Behringer DeepMind 12 Connections & Wireless Control

Behringer has released a new demo video that highlights the connection options on the new DeepMind 12 polyphonic analog synth, including its wireless capabilities.

Pricing and Availability

The Behringer DeepMind 12 is priced at about $1,000 and is expected to be available in late 2016. For more info, see our earlier Behringer DeepMind 12 posts.

44 thoughts on “Behringer DeepMind 12 Connections & Wireless Control

  1. I was wrong when I said that they would come up with the Lord of the Synths BluRay version of their video teasers. Actually they will come up with the Star Wars EP 1 to 9. Starting with The Return of the Analog, The Phantom Power Menace, The Revenge of Dave Smith, VCO Strikes Back…

  2. They’re doing a good job. I think they covered it well enough now that I can go demo one and not feel lost trying to use it. Very strategic marketing.

            1. One could do that easily via midi and a joystick controler. I think your whining is absolute inadequate at this stage. Just wait and try it out in your local music store as I will do too πŸ˜‰

            1. Plus dco 2 has a “tone mod”, the oscillators are hard syncable, and there’s also noise. Seems to be quite a lot of tonal variation in the demos even with the seemingly limited selection.

            2. If you’re going to have only one waveform choice for an oscillator, pulse is the best choice. Adjusting pulse width dramatically affects the upper partials.

    1. The patch morphing axis in the video clearly shows you the advantage of a touch screen over knobs. Why do with two hands what you can do with one finger?
      Sure, they could have integrated such a touch screen in the synth, but why unnecessarily push the price up when everybody already has such a device, being a phone or a tablet?
      With tablets becoming multi touch, and the api for this synth publicly available, you might even write your own personalized layout to control the synth.

    1. For a single parameter, you can image four patches and four different filter cutoff values— morphing just averages between them in the center. I predict that there will be some patches where things like FX, OSC 1 waveform, LFO shape, etc. will all be fixed by whatever is in the patch 1 position (upper left); and it will simply average the value of slider settings among them– weighted by finger position on the morph pad. But things that couldn’t be averaged like waveform & FX, etc will be dictated by the first patch.

      You could take a basic patch, and make three other versions that change the variable settings pretty dramatically then morph among them.

      That’s just limiting the functionality based on the architecture but still giving you loads of power from that point.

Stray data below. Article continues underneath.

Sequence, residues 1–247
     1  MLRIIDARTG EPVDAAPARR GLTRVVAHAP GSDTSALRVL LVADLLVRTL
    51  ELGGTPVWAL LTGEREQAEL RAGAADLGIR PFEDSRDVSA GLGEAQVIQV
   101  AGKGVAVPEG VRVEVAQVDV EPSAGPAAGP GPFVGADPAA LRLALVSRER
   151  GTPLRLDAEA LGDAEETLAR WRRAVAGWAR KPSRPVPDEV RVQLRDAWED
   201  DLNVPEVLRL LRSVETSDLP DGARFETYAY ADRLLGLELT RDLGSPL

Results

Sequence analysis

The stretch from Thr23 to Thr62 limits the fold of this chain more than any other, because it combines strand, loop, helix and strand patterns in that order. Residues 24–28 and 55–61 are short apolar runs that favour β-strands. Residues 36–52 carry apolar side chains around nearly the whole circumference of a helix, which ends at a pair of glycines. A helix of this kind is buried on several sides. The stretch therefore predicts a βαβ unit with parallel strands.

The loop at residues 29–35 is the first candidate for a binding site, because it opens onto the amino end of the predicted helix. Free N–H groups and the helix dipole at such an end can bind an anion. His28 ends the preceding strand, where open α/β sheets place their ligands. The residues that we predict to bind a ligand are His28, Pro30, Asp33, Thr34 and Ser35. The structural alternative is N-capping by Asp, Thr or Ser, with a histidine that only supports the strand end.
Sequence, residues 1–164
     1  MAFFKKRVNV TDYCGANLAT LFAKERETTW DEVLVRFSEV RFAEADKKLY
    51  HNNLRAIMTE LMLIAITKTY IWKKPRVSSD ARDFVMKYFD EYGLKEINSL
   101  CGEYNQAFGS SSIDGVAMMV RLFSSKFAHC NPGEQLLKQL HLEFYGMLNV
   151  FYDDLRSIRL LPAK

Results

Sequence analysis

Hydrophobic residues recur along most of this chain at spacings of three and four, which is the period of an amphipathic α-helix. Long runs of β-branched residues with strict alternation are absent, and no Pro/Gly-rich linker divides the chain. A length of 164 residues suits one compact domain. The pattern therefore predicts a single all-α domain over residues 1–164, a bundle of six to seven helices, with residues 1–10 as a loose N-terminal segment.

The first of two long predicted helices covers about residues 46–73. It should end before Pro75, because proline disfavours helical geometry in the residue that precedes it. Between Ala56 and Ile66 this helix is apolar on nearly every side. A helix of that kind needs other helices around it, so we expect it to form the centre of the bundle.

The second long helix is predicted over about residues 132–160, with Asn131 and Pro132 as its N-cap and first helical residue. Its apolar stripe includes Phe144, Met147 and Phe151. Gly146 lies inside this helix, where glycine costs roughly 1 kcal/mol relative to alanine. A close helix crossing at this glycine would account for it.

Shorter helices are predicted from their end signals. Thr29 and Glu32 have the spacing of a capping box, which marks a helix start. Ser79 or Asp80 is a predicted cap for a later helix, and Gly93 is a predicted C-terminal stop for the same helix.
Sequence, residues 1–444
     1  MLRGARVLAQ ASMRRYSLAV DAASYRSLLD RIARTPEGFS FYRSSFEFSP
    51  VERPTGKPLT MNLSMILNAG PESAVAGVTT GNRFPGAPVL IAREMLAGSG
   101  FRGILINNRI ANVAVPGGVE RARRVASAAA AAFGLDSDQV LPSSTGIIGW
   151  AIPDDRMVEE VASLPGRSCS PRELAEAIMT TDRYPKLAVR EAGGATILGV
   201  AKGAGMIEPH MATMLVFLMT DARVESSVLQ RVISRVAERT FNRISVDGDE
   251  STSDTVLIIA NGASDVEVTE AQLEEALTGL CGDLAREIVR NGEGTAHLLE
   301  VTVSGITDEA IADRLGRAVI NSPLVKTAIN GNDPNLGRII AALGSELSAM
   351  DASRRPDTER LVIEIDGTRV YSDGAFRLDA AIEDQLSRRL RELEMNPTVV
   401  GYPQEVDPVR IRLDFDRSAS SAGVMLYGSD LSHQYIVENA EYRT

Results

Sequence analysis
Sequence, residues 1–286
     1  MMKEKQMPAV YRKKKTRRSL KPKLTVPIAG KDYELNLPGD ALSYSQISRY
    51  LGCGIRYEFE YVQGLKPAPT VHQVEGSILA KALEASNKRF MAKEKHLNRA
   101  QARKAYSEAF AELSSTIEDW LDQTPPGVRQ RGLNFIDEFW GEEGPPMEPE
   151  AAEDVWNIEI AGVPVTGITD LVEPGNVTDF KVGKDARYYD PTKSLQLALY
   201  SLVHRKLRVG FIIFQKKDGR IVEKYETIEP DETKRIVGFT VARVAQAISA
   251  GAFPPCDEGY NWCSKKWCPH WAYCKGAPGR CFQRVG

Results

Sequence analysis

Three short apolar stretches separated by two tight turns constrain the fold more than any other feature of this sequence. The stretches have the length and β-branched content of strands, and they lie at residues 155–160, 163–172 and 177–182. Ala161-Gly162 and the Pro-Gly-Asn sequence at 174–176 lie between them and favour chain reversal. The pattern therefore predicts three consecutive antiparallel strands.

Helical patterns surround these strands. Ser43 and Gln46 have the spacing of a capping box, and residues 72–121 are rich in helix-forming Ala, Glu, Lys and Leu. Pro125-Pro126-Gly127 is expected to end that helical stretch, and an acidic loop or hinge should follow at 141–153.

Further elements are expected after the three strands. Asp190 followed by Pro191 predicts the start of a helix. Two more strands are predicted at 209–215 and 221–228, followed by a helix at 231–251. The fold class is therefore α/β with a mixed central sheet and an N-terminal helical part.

3. This is very tempting.
    Although bi-timbrality and one more octave is what drives me to the prophet 08 for live playing. If only the prophet 08 could handle 2 midi channels at the same time (1 per split)…but that’s asking to much, I know.

    1. What? No, that’s not asking too much. My Matrix 6 can do 2 separate MIDI channels for splits.

      The fact that neither Prophet 8, 6, OB6, nor DM12 are not properly multitimbral bugs me to no end.

      1. By the way. Do you know what’s the reason for such limitation in current synths? If they are analog it shouldn’t be “processing power” right?

  4. This synth blows me away, not only because it sounds great, but because they have integrated the full power of digital control over the analogue signal path – and better than any of their competitors have done so far. This is no Juno 106 clone, it goes way beyond that!

  5. people have been mounting iPads to their APCs for almost a decade at this point so chill out.

    what worries me more is the lack of input jacks.

  6. As ‘frodo’ said above, it’s a pity about the limited source palette of oscillators.
    Most of the timbre variation comes from post modifiers ie. Filter, effects, unison…

  7. Remember the price point, folks. This was meant to be a modern 106 which is also very basic. For a grand you can’t expect a Prophet 12…

    There are mic stand clips for mounting your iPad. It’s wifi so it doesn’t need to physically attach via usb.

  8. Since it is more relevant to this thread, I’ll just restate that adding an audio input to the rack/tabletop version would make some sense. They’d have some extra time to work out the chassis design and “in-factory mod” to make it work.

    The designers would to determine a reasonable place to insert it into the circuit and signal path. Ideally, would love to see it pre-filter. Perhaps it could merge with osc 2 somewhere. Access the FX is a must, access to the filter a plus.

  9. Indeed not a (bi-timbral )P12, but a P12 is 3 times the price of a DM12. For the price of a P12 module you could have a DM12 keys + a DM12 Module or 2 DM12 modules and buy with what’s left a MIDI keyboard. Then of-course the P12 has more oscillator and (very likely) more routing options than the DM12. The P12 is just a very different machine. The DM12 module is a low cost nice to have. The DM12 come more close as a substitute for a P6/OB6 than a P12 IMHO. Everything is of-course relative.

  10. I didn’t see a dedicated screen called ‘missing envelope sliders’.

    I’m being cheeky but I would like the app to offer a dedicated view for things not already on the physical panel. Seems that main synth view has the kitchen sink on it. Definitely a good thing to have but so would being able to use the iPad screen as an extension for the keyboard’s physical controls, if that makes sense. Surely they’re all their on that kitchen sink view but I’m talking about an uncluttered view with only the 10-16 controls the engineers wish they could have squeezed onto the hardware panel.

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